All first responders must be fully vaccinated, or test weekly for the virus, starting Sept. 17, according to a new public order in Contra Costa County.
The order “applies to law enforcement officers, firefighters and emergency medical personnel who work in or may respond to emergency calls at high-risk facilities such as hospitals, jails, nursing and congregate care facilities,” the County said. “It also applies to non-emergency ambulance workers who provide medical transport for such facilities.”
On July 27, a similar order took effect for workers in healthcare facilities, nursing and residential care facilities, homeless shelters and detention facilities. The California Department of Public Health (CDPH) has issued similar vaccine verification requirements for state employees, healthcare workers and educators at K-12 campuses.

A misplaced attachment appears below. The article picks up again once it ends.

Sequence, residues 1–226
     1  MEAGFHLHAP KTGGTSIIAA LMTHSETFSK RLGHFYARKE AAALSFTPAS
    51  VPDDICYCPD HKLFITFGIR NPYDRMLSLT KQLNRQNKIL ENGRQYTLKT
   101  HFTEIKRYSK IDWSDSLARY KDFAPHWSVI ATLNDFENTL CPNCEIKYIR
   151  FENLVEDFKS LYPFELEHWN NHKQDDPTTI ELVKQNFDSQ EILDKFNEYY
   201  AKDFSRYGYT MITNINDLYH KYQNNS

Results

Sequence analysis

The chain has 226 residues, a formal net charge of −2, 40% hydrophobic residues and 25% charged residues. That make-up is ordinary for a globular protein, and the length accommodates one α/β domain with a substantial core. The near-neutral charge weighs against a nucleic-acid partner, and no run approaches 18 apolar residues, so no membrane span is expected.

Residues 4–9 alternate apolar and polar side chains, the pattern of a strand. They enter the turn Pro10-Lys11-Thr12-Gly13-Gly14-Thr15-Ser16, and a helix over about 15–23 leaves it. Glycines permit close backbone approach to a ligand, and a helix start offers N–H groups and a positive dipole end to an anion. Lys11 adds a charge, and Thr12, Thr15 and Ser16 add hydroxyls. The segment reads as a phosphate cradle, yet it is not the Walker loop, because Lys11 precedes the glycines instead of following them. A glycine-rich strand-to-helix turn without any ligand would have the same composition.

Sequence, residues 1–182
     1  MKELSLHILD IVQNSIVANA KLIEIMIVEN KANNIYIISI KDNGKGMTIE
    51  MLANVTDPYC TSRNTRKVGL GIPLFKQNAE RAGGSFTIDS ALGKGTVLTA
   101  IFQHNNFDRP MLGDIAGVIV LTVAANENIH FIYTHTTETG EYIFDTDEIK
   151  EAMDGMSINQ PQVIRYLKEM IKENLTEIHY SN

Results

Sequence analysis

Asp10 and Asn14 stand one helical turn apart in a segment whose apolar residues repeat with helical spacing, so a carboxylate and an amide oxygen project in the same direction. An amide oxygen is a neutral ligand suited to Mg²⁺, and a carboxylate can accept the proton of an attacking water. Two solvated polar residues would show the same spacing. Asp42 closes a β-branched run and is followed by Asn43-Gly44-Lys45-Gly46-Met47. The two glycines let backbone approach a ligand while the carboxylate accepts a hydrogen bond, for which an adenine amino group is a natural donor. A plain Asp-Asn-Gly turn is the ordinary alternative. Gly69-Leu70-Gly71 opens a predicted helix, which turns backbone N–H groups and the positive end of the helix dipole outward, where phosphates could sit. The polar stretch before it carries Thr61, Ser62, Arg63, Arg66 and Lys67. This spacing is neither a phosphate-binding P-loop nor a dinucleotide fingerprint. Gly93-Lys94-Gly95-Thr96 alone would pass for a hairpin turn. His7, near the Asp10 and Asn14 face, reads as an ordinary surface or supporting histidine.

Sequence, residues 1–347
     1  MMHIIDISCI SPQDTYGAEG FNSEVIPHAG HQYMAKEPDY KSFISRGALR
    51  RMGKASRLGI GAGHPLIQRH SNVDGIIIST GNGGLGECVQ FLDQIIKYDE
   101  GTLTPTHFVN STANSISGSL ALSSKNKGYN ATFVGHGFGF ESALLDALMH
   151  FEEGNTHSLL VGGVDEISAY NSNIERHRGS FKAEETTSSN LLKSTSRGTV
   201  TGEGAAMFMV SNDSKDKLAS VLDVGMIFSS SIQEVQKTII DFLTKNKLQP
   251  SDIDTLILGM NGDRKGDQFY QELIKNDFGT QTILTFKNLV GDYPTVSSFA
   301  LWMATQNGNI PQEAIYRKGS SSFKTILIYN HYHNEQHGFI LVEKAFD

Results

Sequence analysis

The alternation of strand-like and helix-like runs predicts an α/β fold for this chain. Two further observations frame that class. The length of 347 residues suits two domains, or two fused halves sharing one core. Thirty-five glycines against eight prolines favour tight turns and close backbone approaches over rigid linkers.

Dr. Chris Farnitano, Contra Costa County’s health officer, said the order involving first responders aims to protect people in facilities that are at high risk of serious illness or death if they become infected with COVID-19. The average daily number of confirmed new cases in Contra Costa has increased 30 percent in the past two weeks, the County said.
“There were 188 COVID-19 patients hospitalized in Contra Costa County on Aug. 11, an increase of more than 400% from July 11,” the County said. “More than 80 percent of the county’s hospitalized COVID-19 patients were unvaccinated.”